Recent Court of Appeals Decision Clarifies Workers’ Compensation Remedy

In a recent decision, the Tennessee Court of Appeals considered whether a civil action brought by an employee following a sexual assault and robbery on the job should be exclusively remedied under the Tennessee Workers’ Compensation Act.


In the case of Jane Doe, et al. v. P.F. Chang’s China Bistro, Inc., et al, an employee of P.F. Chang’s (hereinafter “Plaintiff”) sued the popular restaurant chain for an incident that occurred during her shift on September 12, 2010.  Tenn. Ct. App. 2017 (W2016-01817-COA-R9-CV).  Plaintiff was working as the restaurant’s hospitality manager that night, and locked herself in the restaurant’s office around midnight to perform closing procedures. After answering a knock at the office door, Plaintiff was held at gunpoint by a masked intruder, ordered to give the code to the office safe, tied to a chair and raped. A subsequent investigation concluded that the perpetrator was Jorge Ricardo Rojas-Morin, a cook also on duty at the restaurant that night.


In addition to her claims against Mr. Rojas-Morin, Plaintiff sued P.F. Chang’s for causes of action including gross negligence, negligent hiring, and vicarious liability. P.F. Chang’s moved to dismiss Plaintiff’s complaint based on the exclusive remedy provision of the Tennessee Workers’ Compensation Act (hereinafter the “Act”), which states that “the rights and remedies granted to an employee [under the Act] on account of personal injury or death by accident . . . shall exclude all other rights and remedies of the employee” T.C.A. § 50-6-108(a). Id. at *2.  The trial court denied P.F. Chang’s motion, holding that “beating, rape, humiliation, and violation of an individuals’ dignity and self-esteem are not risks inherit to the Plaintiff’s work environment…” Id.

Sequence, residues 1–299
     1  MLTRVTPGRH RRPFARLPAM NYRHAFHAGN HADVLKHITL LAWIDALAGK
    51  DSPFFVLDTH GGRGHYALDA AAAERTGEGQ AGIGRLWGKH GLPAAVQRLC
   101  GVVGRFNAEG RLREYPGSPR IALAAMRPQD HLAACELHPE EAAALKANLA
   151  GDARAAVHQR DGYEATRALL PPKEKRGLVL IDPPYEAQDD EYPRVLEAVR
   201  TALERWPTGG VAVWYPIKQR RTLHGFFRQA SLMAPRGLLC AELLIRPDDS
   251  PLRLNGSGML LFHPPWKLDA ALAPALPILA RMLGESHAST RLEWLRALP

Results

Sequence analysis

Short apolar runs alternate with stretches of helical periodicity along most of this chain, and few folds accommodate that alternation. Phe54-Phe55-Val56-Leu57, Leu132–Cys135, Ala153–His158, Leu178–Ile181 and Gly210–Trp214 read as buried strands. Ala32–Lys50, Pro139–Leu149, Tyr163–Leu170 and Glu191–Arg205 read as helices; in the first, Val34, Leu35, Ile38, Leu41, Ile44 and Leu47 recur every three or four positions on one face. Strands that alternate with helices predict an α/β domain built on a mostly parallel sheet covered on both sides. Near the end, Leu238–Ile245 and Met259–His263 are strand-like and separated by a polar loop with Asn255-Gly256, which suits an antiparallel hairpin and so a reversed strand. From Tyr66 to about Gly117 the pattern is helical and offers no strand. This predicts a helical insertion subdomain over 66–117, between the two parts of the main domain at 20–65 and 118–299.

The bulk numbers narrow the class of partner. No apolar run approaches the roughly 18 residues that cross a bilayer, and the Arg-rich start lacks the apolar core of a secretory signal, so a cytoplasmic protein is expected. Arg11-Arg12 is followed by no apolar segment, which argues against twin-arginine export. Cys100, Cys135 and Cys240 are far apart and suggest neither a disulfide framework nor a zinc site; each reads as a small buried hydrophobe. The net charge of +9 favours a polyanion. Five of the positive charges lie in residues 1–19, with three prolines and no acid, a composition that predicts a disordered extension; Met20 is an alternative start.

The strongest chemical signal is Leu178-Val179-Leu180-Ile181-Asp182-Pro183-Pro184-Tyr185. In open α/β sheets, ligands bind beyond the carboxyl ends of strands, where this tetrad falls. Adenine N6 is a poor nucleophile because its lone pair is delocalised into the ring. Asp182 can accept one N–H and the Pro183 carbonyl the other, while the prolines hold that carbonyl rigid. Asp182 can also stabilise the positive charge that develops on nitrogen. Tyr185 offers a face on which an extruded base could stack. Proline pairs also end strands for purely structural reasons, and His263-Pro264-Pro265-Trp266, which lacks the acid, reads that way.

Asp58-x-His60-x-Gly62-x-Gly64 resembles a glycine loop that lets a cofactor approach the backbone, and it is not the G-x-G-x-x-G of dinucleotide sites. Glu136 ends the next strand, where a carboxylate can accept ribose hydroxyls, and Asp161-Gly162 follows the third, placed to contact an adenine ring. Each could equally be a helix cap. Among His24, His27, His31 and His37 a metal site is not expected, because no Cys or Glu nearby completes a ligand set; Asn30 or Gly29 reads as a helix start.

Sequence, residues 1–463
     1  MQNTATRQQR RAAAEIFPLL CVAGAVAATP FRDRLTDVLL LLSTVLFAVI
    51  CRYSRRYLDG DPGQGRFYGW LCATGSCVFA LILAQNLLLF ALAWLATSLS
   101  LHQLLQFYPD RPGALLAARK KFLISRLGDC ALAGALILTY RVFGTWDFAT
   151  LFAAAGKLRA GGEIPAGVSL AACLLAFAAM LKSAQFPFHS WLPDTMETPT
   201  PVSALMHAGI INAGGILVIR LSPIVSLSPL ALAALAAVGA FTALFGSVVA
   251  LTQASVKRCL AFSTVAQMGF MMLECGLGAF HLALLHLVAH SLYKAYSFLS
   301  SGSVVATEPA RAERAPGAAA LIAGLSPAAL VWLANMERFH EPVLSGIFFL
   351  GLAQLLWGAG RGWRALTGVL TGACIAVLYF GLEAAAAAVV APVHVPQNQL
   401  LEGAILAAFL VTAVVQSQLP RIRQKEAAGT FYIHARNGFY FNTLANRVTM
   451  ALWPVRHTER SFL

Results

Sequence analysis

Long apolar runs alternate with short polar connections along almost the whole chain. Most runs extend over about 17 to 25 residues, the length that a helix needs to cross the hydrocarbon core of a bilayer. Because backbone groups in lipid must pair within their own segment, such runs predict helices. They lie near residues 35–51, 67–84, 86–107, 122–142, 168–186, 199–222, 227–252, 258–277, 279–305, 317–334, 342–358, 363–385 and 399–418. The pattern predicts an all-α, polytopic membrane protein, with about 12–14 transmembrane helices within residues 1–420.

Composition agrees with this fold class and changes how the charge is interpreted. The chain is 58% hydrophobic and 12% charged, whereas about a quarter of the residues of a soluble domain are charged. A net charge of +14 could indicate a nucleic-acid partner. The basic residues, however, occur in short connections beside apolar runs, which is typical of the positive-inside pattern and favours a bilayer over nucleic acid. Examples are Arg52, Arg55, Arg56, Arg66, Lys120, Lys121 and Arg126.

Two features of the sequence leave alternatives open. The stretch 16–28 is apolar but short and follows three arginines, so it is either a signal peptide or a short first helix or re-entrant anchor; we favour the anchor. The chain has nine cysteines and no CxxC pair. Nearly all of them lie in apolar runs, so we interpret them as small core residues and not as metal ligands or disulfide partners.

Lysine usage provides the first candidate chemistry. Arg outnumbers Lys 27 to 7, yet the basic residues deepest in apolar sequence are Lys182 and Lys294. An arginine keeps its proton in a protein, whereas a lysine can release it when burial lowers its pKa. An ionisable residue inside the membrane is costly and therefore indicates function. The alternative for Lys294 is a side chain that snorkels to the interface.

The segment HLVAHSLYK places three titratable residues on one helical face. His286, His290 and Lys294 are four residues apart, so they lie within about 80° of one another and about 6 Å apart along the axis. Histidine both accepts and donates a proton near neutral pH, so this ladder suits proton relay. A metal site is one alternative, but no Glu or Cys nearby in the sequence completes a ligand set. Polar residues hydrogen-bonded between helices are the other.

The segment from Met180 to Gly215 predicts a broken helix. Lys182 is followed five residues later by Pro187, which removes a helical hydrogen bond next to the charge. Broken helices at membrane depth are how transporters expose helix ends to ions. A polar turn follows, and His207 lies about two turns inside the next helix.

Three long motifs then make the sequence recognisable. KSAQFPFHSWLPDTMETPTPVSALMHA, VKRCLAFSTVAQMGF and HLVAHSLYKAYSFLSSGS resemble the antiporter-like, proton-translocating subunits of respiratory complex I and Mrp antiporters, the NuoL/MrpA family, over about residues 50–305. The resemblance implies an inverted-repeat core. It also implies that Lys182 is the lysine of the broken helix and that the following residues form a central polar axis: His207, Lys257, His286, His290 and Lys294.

P.F. Chang’s subsequently appealed the decision, asserting that because Plaintiff’s claims arose from her employment, she could recover only under the Act and not against the restaurant itself for Mr. Rojas-Morin’s tortious actions. Id. at *5.  The issue on appeal turned on whether P.F. Chang’s meet its burden of proof that Plaintiff’s claims both “arose out of” and were “in the course of [her] employment” (emphasis added), Id.  at *4, See Coleman v. St. Thomas Hosp., 34 S.W.3d 199, 209 (Tenn. Ct. App. 2010).  The court quoted the Coleman decision, stating that an injury can be connected to employment when there is a “causal connection between the conditions under which the work [was] required to be performed and the resulting injury.” Id. at * 5.


The Tennessee Court of Appeals found there was no evidence the assault on Plaintiff was a natural incident of her employment or that it causally connected to her work at P.F. Chang’s. Therefore, the exclusive remedy provision of the Tennessee Workers’ Compensation Act was not applicable, and the judgment of the trial court was affirmed.